Lady Rosse, who is a well-known watercolourist, shares her family’s passion for gardens and rare plants. She and her husband go plant hunting in Asia.  Alison carefully looks after the Messel Family Dress Collection stored at Birr Castle, sharing with her mother-in-law Anne, the 6th Countess of Rosse, a complete understanding of their family and historical value.

Alison has her own style of fashion elegance; on her honeymoon she wore a striking red silk mini-dress.  She also patronises Irish designers.  From Mary O’Donnell she purchased a white crochet mini coatdress in the late 1960s.

ctil000017_300h250wAnna, Lady Oxmantown

Anna, Lady Oxmantown (née Lin Xiaojing) was born in Tianjin, China.  Anna is the English name she chose for herself at university. She met her husband Patrick Parsons, Lord Oxmantown whilst studying for her MBA in Beijing. They married in 2004.

Anna has a distinctive personal style. From childhood she designed her own clothing. Anna travelled extensively with her job as a television presenter and has now established a fashion design company.  She regularly wears her own designs, which draw on Chinese and European fashions. Anna designed and wore the four outfits for her Chinese wedding and Irish blessing.

Themes

The Messel Dress Collection can be accessed through a number of themes:

The Women as Guardians of the Messel Dress Collection – explores how the women of the Messel family lovingly preserved their collection of dress.

Fashion Designers – illustrates the range of top London, Irish and Chinese designers represented in the collection.

Fancy Dress – reveals the women’s love of mainly historical and oriental inspired dressing up.

ct004216_d02_300h250wHomemade and Personalised Dress – examines Marion Sambourne, Maud Messel and Anne, Countess of Rosse’s passion for dressmaking and customising their fashionable clothing.

Embroidery and the Nymans Needlework Guild – explores the needlework school established by Maud Messel at Nymans, her Sussex country home.

Travel Influences – examines the clothing in the collection which has been stylistically influenced by the women’s travels abroad and interest in other cultures, particularly their love of China.

Gardens, Flowers and Floral Clothes – reveals that Maud Messel and Anne, Countess of Rosse’s passion for gardening and flowers is reflected in their fashionable dress.

Birth, Marriage and Death – tells the lives of the Messel women through their clothing.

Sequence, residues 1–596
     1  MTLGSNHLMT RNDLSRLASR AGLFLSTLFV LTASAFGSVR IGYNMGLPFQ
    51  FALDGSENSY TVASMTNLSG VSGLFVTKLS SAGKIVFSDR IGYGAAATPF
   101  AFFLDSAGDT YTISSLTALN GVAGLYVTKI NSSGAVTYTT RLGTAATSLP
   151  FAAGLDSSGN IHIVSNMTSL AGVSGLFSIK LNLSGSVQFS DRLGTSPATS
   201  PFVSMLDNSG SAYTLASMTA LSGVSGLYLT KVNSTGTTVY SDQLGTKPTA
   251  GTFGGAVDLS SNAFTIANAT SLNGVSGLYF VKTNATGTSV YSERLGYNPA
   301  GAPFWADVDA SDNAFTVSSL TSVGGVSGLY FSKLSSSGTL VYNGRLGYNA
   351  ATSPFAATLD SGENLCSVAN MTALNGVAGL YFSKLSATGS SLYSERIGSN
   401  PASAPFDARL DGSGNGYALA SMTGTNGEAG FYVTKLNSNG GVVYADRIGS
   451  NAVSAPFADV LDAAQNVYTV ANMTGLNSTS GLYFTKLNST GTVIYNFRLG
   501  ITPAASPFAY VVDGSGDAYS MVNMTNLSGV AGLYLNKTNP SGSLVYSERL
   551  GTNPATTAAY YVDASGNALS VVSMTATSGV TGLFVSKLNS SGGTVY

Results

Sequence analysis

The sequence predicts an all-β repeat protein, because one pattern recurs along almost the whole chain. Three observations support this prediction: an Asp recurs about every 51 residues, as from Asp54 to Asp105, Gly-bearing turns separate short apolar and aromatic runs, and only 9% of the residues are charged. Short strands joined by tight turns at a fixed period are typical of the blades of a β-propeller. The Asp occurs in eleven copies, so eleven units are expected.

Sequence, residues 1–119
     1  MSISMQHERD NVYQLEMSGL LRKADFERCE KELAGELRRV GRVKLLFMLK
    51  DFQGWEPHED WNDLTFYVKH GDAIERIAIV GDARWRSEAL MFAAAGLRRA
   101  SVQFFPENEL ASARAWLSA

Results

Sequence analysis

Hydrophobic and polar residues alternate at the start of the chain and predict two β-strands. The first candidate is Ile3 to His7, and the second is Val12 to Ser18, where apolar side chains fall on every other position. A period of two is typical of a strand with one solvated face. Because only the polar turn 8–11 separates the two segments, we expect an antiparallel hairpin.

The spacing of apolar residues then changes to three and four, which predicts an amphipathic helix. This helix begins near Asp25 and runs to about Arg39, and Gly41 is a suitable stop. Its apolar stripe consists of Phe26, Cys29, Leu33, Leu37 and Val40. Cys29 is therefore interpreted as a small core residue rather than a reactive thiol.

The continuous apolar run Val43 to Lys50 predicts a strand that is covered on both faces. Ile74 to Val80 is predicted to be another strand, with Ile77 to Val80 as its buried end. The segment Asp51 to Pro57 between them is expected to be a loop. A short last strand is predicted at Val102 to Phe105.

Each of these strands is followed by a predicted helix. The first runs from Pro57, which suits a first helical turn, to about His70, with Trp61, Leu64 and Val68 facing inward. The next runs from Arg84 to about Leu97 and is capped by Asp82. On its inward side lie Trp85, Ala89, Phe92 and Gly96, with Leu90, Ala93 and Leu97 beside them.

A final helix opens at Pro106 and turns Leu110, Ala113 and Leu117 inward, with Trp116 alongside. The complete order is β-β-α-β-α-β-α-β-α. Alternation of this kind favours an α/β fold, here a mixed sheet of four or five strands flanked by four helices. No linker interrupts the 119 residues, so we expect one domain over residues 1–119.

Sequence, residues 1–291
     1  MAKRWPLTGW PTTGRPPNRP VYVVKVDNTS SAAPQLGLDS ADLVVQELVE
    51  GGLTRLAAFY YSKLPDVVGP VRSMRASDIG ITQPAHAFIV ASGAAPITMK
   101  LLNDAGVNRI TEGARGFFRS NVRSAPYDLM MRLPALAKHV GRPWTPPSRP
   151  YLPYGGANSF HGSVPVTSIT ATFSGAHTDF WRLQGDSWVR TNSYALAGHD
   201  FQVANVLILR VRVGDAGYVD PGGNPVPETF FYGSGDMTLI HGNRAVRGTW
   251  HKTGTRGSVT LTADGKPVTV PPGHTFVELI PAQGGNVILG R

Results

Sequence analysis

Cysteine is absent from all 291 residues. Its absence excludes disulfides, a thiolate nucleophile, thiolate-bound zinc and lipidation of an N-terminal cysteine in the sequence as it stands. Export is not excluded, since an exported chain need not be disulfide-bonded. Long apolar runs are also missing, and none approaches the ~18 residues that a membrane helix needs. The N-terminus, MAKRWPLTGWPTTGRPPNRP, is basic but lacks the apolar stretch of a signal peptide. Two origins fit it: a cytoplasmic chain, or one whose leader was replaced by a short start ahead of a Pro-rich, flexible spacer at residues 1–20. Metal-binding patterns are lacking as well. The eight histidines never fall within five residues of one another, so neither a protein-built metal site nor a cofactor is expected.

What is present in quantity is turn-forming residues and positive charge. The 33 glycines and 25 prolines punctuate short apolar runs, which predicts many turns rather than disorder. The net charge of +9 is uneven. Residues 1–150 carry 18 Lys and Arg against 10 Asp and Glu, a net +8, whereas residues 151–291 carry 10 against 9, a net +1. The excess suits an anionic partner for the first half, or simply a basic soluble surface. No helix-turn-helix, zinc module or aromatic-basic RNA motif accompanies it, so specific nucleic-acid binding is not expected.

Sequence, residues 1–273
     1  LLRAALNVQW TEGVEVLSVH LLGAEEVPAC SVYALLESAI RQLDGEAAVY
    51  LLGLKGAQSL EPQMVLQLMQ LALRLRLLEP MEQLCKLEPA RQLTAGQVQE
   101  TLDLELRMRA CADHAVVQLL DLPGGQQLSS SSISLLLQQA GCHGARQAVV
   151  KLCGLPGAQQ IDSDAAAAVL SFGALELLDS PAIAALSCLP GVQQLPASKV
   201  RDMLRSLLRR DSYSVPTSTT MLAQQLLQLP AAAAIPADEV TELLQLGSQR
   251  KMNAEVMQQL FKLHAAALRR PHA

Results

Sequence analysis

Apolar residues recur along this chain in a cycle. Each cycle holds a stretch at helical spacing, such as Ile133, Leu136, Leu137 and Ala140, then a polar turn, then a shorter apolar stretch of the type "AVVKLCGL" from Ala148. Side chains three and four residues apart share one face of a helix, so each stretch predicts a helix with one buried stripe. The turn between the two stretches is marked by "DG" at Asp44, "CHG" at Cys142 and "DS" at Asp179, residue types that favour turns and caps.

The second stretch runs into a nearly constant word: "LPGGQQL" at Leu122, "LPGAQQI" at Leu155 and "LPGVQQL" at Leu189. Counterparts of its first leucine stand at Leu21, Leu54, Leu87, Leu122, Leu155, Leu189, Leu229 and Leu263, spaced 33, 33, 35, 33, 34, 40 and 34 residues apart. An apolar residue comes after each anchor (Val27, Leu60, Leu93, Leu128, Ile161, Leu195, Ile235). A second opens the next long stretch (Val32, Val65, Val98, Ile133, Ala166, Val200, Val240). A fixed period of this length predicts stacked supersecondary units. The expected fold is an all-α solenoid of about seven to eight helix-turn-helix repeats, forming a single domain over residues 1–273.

Fashionable Hats – illustrates some of the more unusual  headwear in the Messel Dress Collection worn by Maud Messel and Anne, Countess of Rosse.

Family Homes – explores the homes of Marion Sambourne, Maud Messel, Anne, 6th Countess of Rosse and Alison, 7th Countess of Rosse, revealing the family’s taste for romantic nineteenth-century vernacular revival styles.

The Women as Guardians of the Messel Dress Collection

Whilst many objects are collected for their monetary and aesthetic values, clothes are often preserved and treasured for the personal memories they hold. Each garment in the Messel Dress Collection has been worn, sometimes through the generations. Many pieces are imprinted with wear, a few are virtually perished. All were considered worthy of preserving intact.  The survival of these garments highlights the role of the Messel women as guardians of the memories and heritage of this famously creative and influential family. All the women were hoarders and collectors, storing away the clothing and personal ephemera of their lives.

Marion Sambourne

From 1881 until her death in 1914, Marion recorded her daily life in diaries and letters. These are now kept in the Sambourne Family Archive at Kensington Central Library. She also preserved souvenirs of special events and items of her own and her mother Mary Ann Herapath’s clothing.

Maud Messel

From 1898 until the 1950s Maud retained photographs, letters and domestic scraps which held deeply personal family memories. She ensured the family home at 18 Stafford Terrace was preserved, along with many items of her own and her mothers clothing. Maud began the family’s practice of writing notes, which were preserved along with the dresses. To the dress her mother Marion Sambourne wore at her wedding she pinned a note which reads:

‘This dress was worn by my darling mother at my wedding April 28 1898. It was made by Mrs Sarah Fullerton Monteith Young who made my wedding dress. MFM. May 1948. MFM.’